And, in the final mention of the Guru, Modi drew a direct link with one of his current signature phrases, one of a ‘New India’, where people “can feel the blessings of Guru Tegh Bahadur ji in the aura” of a reawakened nation.
Modi made rhetorical references to Guru Tegh Bahadur and denigrated the Mughal ruler, who was utilised as a proxy to attack contemporary Muslims, especially the assertive sections who do not shy away from demanding their constitutional rights. But each of his mentions of the Guru has the potential to boomerang on him and his regime. After all, the autocratic and arbitrary attributes of Aurangzeb that Modi recalled have been used by him, too, since 2014.
Except for those who take their history lessons solely from Modi and his ilk in the Sangh Parivar, most are aware that Guru Tegh Bahadur sacrificed himself for the cause of religious freedom.
Significantly, the Akal Takht, the highest temporal seat of Sikhism, issued a statement critical of Modi. Jathedar Giani Harpreet Singh, in his strongly-worded statement, reminded people that Guru Tegh Bahadur had martyred himself for the freedom of all religions, and not just Hindus.
The same set of Indians is also aware that India under Modi has been persistently slipping on several indices of religious freedom that are compiled annually by various countries and international institutions.
Memories of Ram Navami Clashes Were Still Fresh
The “storm of religious fanaticism” that Modi referred to as being a feature of Aurangzeb’s reign is raging in ‘New India’, too, since 2014. The compilers of the aforementioned indices and the dissenting civil society can be booed down by the BJP’s social media brigades and street warriors, but the truth cannot be wished away.
Memories of the communal conflict witnessed across India after Navaratri, Ram Navami and Hanuman Jayanti have not yet faded. But Modi saw no irony in serving a reminder to the people about a period several centuries earlier and frozen in history, in which state-supported goons roamed the streets and heaped violence and atrocities on hapless people.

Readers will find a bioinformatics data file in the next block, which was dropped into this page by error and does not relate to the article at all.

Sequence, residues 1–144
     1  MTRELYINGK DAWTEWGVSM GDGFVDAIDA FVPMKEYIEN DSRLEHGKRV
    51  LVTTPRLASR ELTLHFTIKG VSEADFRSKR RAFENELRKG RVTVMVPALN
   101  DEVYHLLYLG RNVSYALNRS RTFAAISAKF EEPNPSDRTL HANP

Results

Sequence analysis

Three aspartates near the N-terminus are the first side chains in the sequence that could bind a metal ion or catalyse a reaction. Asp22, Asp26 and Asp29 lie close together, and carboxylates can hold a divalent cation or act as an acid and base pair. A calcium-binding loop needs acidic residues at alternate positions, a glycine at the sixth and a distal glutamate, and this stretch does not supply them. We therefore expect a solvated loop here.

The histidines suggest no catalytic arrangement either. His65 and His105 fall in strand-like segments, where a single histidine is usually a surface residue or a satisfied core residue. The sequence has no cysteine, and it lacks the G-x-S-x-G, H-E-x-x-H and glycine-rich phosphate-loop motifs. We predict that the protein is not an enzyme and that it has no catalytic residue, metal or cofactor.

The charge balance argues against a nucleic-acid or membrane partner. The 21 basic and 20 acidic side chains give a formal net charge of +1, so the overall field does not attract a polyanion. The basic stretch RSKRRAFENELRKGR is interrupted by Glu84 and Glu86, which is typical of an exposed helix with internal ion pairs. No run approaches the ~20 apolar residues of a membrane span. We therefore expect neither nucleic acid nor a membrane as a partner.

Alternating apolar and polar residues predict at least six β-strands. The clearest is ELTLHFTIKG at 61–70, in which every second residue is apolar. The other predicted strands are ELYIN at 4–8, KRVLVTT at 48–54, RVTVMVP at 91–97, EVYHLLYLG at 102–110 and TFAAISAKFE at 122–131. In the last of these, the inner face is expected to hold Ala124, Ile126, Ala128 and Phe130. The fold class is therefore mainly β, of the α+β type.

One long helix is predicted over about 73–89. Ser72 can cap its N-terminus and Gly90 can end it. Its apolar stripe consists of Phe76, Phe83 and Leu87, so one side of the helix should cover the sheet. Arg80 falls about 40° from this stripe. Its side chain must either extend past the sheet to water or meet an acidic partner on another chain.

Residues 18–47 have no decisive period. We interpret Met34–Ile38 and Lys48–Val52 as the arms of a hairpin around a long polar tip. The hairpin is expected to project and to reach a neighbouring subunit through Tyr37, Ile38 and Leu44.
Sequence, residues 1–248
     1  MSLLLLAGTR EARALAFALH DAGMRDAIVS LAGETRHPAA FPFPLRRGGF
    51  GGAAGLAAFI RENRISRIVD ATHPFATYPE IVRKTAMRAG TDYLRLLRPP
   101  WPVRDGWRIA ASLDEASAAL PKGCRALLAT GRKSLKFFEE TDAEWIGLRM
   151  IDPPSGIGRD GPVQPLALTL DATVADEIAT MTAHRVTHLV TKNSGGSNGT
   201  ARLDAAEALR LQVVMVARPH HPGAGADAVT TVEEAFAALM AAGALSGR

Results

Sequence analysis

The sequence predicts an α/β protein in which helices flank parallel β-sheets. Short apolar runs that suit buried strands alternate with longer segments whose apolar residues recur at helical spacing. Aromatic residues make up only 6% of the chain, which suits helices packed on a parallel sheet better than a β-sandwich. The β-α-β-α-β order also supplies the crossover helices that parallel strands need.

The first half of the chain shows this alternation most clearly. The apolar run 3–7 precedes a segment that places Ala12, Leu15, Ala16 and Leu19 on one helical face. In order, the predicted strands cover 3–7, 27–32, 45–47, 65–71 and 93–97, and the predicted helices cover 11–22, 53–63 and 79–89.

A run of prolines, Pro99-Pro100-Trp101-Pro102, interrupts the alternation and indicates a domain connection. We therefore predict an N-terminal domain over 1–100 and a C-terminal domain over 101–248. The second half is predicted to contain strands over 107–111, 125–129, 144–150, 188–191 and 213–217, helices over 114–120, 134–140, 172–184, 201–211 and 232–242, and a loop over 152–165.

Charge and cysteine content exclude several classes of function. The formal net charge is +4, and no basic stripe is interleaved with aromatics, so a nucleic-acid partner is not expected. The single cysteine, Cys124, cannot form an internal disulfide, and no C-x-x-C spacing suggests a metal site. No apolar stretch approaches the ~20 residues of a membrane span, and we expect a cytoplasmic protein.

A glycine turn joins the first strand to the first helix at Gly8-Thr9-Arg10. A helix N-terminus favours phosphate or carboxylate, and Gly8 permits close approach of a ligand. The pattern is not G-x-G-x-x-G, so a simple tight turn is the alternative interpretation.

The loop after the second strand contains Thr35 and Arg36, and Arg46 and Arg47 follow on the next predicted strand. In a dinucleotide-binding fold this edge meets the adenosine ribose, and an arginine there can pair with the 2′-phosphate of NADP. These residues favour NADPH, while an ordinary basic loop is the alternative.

For a leader who harps on the oneness of everything – people, culture, language, culinary choice, apparel, mode of religious expression, rituals and much more – recalling the virtues of the Guru will leave Modi open to questions when the time and tide cease to be in his favour.
To lavish praise on the Guru for his ‘sacrifice’ that “inspired many generations of India to live and die to protect the dignity of their culture and for its honour and respect” is ironic given Modi's constant labelling of all forms of dissent as ‘treason’ or ‘sedition’.
A Forgettable Speech
For Modi to laud Guru Tegh Bahadur because he was not just the “guide to self-realisation” but also someone who “embodied India’s diversity and unity” was downright duplicitous. The eagerness for political rhetoric and the unflagging desire to score brownie points against his ideological adversaries led Modi to mention that his government was leaving no stone unturned to resolve the crisis faced by Sikhs in Afghanistan.
He added that his government “brought” the “Holy ‘Swaroop’ of the Guru Granth Sahib’ to India “with all respect”.
Modi also mentioned that his government celebrated the watershed ‘Prakash Parvs’ of Guru Nanak and Guru Gobind Singh. But the Akal Takht priest responded by saying that ‘Sikh issues’ discussed with Home Minister Amit Shah in February had not been addressed yet.